No matter in what sequence the Church bestowed these virtues upon the warrior, she gave him a definite aim and object — a precise law.
The law was the Decalogue, the Ten Commandments of chivalry, which we purpose to illustrate.
The object was to enlarge the Kingdom of God on earth.
When our knights attended Mass one might have seen them, before the reading of the second lesson, draw their swords and hold them unsheathed in their hands until the reading of the lesson was finished. This defiant attitude seemed to imply their readiness to defend the Gospel. “If the Word is to be defended, we are ready.”
This is the whole spirit of chivalry.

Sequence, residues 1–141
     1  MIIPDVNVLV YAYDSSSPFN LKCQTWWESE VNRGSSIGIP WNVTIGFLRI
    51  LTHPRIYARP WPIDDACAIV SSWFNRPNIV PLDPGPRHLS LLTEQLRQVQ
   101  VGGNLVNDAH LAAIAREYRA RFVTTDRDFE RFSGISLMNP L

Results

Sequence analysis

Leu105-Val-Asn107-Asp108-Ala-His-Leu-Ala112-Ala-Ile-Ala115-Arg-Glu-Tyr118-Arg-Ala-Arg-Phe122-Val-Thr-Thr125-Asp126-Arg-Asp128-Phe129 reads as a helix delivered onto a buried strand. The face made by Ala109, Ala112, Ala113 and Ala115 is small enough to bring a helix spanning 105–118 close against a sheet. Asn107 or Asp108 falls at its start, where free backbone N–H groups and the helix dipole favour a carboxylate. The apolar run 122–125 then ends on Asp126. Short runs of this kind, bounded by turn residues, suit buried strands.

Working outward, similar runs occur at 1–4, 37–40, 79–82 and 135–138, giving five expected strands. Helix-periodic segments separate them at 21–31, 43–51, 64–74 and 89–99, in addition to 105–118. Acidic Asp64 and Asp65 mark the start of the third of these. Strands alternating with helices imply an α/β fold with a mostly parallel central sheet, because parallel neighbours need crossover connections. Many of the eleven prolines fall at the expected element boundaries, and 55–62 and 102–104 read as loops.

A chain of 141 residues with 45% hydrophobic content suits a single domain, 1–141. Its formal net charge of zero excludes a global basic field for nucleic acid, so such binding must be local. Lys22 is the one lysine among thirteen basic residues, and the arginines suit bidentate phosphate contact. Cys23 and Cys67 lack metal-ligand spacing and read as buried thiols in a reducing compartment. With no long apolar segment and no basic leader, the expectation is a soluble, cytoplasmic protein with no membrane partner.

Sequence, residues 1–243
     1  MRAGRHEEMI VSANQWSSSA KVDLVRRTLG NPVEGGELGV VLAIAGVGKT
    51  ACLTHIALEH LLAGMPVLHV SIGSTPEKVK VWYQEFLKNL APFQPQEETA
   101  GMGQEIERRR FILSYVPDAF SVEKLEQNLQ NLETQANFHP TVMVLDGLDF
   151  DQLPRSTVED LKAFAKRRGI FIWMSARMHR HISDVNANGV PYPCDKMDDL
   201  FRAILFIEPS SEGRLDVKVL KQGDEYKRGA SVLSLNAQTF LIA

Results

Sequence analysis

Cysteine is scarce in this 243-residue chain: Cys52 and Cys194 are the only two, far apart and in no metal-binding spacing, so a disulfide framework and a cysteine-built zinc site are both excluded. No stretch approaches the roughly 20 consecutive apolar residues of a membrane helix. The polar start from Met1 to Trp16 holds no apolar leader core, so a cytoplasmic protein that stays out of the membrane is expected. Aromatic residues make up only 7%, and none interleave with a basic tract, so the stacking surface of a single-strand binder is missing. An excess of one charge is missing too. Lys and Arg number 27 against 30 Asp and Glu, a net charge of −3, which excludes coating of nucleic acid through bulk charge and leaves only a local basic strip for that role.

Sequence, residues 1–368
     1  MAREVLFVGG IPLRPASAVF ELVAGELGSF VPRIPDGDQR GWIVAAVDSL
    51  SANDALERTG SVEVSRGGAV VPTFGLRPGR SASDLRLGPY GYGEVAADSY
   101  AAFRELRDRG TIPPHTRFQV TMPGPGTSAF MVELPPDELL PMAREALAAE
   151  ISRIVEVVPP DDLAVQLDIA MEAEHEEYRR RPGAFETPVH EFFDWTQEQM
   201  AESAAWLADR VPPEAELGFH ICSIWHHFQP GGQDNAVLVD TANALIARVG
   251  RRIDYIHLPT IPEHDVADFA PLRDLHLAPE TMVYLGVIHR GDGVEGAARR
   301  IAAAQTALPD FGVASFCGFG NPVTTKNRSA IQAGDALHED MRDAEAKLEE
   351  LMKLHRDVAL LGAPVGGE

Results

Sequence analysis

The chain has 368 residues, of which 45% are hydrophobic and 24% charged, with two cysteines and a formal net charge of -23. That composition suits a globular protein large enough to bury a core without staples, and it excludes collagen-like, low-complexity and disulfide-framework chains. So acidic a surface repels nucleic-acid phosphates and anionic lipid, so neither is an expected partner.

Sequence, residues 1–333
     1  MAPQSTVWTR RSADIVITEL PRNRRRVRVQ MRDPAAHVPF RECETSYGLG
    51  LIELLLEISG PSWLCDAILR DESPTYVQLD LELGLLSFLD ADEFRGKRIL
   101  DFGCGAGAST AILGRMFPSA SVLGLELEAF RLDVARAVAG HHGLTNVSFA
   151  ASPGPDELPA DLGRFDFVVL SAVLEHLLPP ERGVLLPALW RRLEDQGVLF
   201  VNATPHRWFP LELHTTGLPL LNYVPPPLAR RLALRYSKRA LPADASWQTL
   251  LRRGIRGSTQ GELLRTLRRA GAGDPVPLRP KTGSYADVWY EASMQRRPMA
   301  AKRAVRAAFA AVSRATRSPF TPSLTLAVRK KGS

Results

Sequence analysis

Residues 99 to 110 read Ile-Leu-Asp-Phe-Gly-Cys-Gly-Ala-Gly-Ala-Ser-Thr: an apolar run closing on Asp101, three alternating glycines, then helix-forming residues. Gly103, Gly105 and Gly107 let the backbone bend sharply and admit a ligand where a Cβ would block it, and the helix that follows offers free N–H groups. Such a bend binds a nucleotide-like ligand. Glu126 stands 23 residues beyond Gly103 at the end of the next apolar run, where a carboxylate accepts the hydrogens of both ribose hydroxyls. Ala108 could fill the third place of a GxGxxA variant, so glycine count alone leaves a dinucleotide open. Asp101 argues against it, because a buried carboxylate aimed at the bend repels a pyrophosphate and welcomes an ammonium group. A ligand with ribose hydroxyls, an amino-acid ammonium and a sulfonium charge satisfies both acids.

Would you know the true thought of the Church? Open the official book where it is carefully formulated — open the Pontifical and read: —
“Receive this sword in the name of the Father, the Son and the Holy Ghost; use it for your own defense, for that of the holy Church of God, and for the confusion of the enemies of the Cross of Christ. Go, and remember that the Saints did not conquer kingdoms by the sword but by faith.”
To sum up in a few words, chivalry has never been, is not, and never will be anything but armed force in the service of unarmed truth. And I am not aware that anyone has ever given a higher or more exact definition of it.
(León Gautier, Chivalry, trans. Henry Frith (London: George Routledge and Sons, Ltd., 1891), 23 and 38.)
It is on account of this dedication that the Crusader, more than any other warrior, holds the position of highest honor and veneration even to our own day; and why his sword remains the object of such inspiration as no other weapon to date.